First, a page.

Large parts of Ukraine have been in a state of war since 2014. But since February 2022, the lives of all Ukrainians have been severely affected by violence, shortages of goods and food and a major displacement crisis. In Ukraine, Cordaid funds partner organisations through Caritas Internationalis, the global network of Catholic aid organisations.
In Ukraine, there are two national Caritas organisations: Caritas Spes, which originated from the country’s Roman Catholic constituency and Caritas Ukraine, which stems from the Greek Catholic church.
Staff and volunteers of both organisations are working day and night to support people who have fled their homes with sometimes nothing more than the clothes they had on.
The western part of the country, and especially the city of Lviv, has become a humanitarian hub after the situation in the east deteriorated. At a storage facility of Caritas Spes in the Lviv region, multiple trucks arrive every day, full of essential goods donated by neighbouring countries.
After the goods have arrived, the aid workers load up their own trucks and start driving to the cities in the east, that have been suffering continuous air raids and bombings, and where, in some cases, people are still living in the rubble.
“I have been to Irpin myself, the devastated town close to Kyiv, to deliver aid,” says Markian Stefanyshyn, humanitarian aid coordinator for Caritas Spes and chief logistics of the storage facility. “People started crying when we got there. It was very touching.”
According to Markian, the continuous aid operation is running into various practical issues. “Our biggest challenge now is space. We don’t have enough. The only thing we can do is unload and load faster, so the trucks can leave sooner and we create space for the next one coming in. We need to be extremely efficient.”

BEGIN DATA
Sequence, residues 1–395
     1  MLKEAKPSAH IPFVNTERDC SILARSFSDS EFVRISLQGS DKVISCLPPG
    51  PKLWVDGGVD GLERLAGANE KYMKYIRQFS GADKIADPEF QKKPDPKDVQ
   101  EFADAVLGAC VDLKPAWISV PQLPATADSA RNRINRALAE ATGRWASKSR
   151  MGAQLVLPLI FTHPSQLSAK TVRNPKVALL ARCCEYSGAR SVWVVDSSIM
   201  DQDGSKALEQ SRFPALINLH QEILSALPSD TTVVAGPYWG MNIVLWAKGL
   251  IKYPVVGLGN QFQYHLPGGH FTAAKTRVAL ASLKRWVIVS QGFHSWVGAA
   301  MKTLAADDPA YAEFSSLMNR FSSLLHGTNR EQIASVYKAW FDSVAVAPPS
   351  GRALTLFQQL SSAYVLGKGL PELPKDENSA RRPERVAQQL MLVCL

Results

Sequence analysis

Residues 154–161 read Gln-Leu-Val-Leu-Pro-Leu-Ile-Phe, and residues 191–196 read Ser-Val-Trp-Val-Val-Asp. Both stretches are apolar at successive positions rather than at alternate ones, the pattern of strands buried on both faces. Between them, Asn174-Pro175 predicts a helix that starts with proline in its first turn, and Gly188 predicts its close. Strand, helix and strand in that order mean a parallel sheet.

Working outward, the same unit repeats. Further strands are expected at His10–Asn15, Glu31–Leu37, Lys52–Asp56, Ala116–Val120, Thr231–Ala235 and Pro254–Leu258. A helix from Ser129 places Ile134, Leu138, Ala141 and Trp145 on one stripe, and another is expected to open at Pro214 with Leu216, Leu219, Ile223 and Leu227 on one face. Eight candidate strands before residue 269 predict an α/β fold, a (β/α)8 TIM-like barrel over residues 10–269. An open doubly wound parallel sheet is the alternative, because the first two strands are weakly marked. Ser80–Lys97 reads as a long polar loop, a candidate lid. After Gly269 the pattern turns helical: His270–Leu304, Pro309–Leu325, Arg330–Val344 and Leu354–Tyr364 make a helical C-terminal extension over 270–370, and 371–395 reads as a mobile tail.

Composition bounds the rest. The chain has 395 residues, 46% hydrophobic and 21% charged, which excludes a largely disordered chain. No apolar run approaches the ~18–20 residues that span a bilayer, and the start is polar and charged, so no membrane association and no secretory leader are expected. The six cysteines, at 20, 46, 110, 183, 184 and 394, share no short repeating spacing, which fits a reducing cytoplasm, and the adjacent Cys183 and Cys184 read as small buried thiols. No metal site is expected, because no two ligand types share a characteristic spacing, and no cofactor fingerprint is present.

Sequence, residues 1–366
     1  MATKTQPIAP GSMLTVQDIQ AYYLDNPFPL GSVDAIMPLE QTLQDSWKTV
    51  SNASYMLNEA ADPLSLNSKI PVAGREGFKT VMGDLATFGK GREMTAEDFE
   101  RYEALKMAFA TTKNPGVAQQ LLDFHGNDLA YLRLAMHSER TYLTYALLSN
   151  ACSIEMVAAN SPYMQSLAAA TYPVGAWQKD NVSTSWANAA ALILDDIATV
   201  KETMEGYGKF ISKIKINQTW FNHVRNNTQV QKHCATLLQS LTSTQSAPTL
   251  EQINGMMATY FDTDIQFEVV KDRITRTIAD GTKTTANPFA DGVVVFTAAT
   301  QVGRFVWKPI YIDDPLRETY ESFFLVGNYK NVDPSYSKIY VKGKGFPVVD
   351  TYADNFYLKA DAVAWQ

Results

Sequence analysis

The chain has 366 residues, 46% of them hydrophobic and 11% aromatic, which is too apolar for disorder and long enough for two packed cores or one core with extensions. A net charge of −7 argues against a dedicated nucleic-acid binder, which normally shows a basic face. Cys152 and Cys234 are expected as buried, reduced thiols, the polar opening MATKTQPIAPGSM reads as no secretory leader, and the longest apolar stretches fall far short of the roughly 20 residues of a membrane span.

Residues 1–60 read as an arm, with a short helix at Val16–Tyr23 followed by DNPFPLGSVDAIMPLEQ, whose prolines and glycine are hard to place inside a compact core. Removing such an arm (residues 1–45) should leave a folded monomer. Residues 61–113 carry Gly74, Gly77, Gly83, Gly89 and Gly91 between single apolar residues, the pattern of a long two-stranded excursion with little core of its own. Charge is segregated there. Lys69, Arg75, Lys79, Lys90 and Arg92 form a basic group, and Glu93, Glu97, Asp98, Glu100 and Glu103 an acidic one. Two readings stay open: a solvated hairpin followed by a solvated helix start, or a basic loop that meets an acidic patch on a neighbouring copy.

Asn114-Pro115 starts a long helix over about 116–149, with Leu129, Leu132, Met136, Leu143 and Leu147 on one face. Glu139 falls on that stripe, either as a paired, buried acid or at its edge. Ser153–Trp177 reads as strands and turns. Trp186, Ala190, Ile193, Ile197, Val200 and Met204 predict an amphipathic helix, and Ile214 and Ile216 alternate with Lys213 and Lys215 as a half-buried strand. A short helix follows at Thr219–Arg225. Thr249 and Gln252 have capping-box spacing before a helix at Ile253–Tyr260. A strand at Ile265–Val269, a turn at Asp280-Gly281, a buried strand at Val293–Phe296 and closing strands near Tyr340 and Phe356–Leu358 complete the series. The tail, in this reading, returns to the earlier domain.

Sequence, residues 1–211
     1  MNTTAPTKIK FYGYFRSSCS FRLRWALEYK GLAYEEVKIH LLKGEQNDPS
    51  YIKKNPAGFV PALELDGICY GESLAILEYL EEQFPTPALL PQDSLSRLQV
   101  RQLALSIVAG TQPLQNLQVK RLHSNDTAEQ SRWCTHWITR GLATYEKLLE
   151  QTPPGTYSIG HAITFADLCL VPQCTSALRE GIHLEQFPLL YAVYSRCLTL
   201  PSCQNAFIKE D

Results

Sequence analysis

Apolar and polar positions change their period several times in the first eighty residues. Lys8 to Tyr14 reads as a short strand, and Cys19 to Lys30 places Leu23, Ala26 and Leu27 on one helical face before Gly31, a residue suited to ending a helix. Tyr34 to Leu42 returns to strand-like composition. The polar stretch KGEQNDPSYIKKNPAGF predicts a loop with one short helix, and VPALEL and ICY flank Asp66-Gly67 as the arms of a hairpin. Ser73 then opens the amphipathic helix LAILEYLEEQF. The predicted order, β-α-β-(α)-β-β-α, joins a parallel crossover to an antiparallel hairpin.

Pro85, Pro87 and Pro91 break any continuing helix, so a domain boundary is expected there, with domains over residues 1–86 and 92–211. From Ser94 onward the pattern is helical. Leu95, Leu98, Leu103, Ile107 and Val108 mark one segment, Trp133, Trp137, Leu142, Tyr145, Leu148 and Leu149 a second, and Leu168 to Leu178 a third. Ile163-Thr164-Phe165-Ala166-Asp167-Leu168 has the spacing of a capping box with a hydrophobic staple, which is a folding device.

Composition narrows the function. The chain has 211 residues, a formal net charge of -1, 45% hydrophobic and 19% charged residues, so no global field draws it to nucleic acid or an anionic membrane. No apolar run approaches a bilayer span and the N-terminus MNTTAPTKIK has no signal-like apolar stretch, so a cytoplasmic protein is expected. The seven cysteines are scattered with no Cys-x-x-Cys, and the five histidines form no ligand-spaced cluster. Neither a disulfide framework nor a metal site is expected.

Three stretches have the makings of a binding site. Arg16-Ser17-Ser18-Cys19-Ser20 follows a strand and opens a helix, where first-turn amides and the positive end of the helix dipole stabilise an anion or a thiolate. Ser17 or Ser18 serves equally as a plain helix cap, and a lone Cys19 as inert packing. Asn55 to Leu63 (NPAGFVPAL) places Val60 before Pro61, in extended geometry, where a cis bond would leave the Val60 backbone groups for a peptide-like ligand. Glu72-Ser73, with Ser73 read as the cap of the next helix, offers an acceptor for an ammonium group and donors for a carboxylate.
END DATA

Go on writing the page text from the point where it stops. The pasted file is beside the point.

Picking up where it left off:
The Caritas members do not only distribute food, water, clothes and medicines, they also provide a home for hundreds of displaced people or guide them to the border in case they are looking for safety outside of the country.
More than a project
80 kilometres outside of Lviv, Caritas Spes has built so-called ‘family-run orphanages’, providing a safe space for children where they can live, learn and grow with the support and warmth of a real family.
“We don’t like to call this a project because a project has a beginning and an end,” says Tetiana Kalinichenko from Caritas Spes. “This is a way of life. The kids who live here will not be on their own when they turn 18. They will always be a part of this family. Helping children this way means true dedication.”
“From the moment we stepped out of the train, we felt amazing support from the people in western Ukraine.”
Caritas Spes has built five of these houses for five families, each consisting of ten people. Some families have been living here for years now, while others have arrived recently after the violence in other parts of the country forced them to leave their homes.
This is the case for Natalia Molar who came from a village near Kyiv with two of her children. She now takes care of eight other displaced children as well.
Natalia: “We wanted to stay in our home as long as possible, but when the missiles started flying over our heads and a neighbouring village was occupied by the Russian military, we knew we had to leave. From the moment we stepped out of the train, we felt amazing support from the people in western Ukraine. People are doing everything they can. The children now go to school. They received books and the teachers are great. They are doing really well and their grades are good.”
In cities throughout the country, Caritas Ukraine has set up tents where the volunteers hand out essential goods. They have also organised food kitchens where displaced people can get a warm meal. To give just an example: in the city of Ivano-Frankyvsk Caritas Ukraine provides meals for 1200 people each day.
“Even when this war is over, we will be needing a lot of extra hands.”
The lives of millions of Ukrainians depend on the immense aid operation, coordinated by local and international NGOs. Despite all the good work and satisfying results, it is unlikely the humanitarian needs in the conflict will decline in the coming months. Markian Stefanyshyn is worried about the long term
“For instance, the number of goods coming in from Poland is dropping. The volunteers are becoming very tired and some of them are losing their motivation. People are also worried about their own income, understandably.
Even when this war is over, we will be needing a lot of extra hands. The needs will still be there. The most important thing now is ending this war. Not only for Ukraine, but for the entire world.”